Elgar original reference
Edited by A. J. Brown, David Lewis, Richard E. Moberly and Wim Vandekerckhove
Chapter 18: Whistleblower protection in international governmental organizations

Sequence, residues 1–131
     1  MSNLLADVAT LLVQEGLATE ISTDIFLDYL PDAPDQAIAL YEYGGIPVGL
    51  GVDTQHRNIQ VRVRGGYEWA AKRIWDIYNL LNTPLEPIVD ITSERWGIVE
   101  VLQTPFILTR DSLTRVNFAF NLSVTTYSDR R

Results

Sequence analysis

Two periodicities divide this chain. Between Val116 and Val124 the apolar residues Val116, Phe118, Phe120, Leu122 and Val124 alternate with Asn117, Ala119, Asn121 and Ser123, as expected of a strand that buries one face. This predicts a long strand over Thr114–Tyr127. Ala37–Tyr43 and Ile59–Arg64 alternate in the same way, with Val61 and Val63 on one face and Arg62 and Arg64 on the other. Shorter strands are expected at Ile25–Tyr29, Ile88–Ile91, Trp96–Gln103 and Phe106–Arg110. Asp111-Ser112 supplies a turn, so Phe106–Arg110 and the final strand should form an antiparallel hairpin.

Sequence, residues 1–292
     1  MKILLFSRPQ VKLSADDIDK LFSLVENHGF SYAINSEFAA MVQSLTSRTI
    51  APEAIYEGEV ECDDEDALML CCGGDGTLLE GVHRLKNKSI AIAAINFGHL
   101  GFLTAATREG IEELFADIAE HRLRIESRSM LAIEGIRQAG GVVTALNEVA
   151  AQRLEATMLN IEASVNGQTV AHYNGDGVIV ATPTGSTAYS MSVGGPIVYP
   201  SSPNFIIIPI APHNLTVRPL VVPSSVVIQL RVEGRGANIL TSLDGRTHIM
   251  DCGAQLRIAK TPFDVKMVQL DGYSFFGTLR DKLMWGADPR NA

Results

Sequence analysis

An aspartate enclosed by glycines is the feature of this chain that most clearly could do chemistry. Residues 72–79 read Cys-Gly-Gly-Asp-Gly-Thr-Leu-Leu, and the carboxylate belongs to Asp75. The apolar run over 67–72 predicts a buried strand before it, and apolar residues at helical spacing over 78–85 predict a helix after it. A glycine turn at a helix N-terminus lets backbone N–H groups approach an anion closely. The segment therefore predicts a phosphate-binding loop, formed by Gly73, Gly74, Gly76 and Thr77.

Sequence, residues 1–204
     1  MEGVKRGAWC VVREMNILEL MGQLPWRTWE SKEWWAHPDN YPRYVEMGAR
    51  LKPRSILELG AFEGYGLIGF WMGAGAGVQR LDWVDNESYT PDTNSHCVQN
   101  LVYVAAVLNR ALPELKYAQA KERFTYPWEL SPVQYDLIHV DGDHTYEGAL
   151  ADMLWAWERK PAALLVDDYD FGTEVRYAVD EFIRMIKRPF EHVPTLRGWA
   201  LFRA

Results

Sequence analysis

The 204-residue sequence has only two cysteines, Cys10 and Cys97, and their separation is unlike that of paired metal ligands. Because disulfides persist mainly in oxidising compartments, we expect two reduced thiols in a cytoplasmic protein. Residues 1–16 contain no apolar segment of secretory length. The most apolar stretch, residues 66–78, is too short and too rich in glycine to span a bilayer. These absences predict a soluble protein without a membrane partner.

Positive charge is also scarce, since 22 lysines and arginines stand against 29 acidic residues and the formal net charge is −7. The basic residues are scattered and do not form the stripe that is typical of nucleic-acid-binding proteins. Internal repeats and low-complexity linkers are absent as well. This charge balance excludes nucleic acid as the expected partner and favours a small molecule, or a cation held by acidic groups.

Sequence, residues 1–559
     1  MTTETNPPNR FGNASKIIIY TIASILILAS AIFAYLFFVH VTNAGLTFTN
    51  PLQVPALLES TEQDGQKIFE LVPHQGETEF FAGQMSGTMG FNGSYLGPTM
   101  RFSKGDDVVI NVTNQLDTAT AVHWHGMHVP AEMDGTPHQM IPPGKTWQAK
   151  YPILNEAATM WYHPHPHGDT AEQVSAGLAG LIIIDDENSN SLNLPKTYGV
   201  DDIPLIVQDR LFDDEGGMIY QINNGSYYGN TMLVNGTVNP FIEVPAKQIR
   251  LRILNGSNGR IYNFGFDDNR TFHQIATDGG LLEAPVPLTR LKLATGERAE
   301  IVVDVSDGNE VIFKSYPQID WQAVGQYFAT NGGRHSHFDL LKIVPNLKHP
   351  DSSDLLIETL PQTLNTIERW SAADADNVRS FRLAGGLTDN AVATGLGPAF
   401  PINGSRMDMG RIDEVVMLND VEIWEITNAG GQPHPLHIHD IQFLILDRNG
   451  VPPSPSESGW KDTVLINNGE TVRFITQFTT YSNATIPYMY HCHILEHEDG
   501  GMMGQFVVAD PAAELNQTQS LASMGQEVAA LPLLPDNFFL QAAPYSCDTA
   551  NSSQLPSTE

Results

The role played by international governmental organizations (IGOs) in global stability, development and finance has become increasingly important since the Second World War. IGOs, however, represent a formidable challenge to whistleblowers trying to report corruption, fraud, abuse of authority, gross mismanagement or a danger to public health and safety, without sacrificing their careers and reputations. Because they operate in a multinational environment, IGOs are not subject to the legal regime of any one member state in most types of disputes. They are especially insulated from external judicial review in labor disputes, and advances in whistleblower protection legislation at the national level do not, therefore, apply to their staff members. At the same time, these institutions escape the transparency mandates of their member states, and they are thus free to operate behind closed doors when significant policy and financial decisions must be taken. Further, IGOs often influence policy in their borrowing member states and also control substantial amounts of funding in these countries. Anti-corruption research generally plants a red flag of warning in territory like this: secrecy, power, global reach and money equal fertile ground for corruption. This set of circumstances defines the parameters of a unique set of problems for whistleblowers making disclosures at IGOs and seeking protection from retaliation. James Wolfensohn first made corruption an issue at the World Bank in 1996, during an address to the Annual meetings. Since then, much anti-corruption rhetoric has been heard from IGOs but concrete achievements on this front are few.
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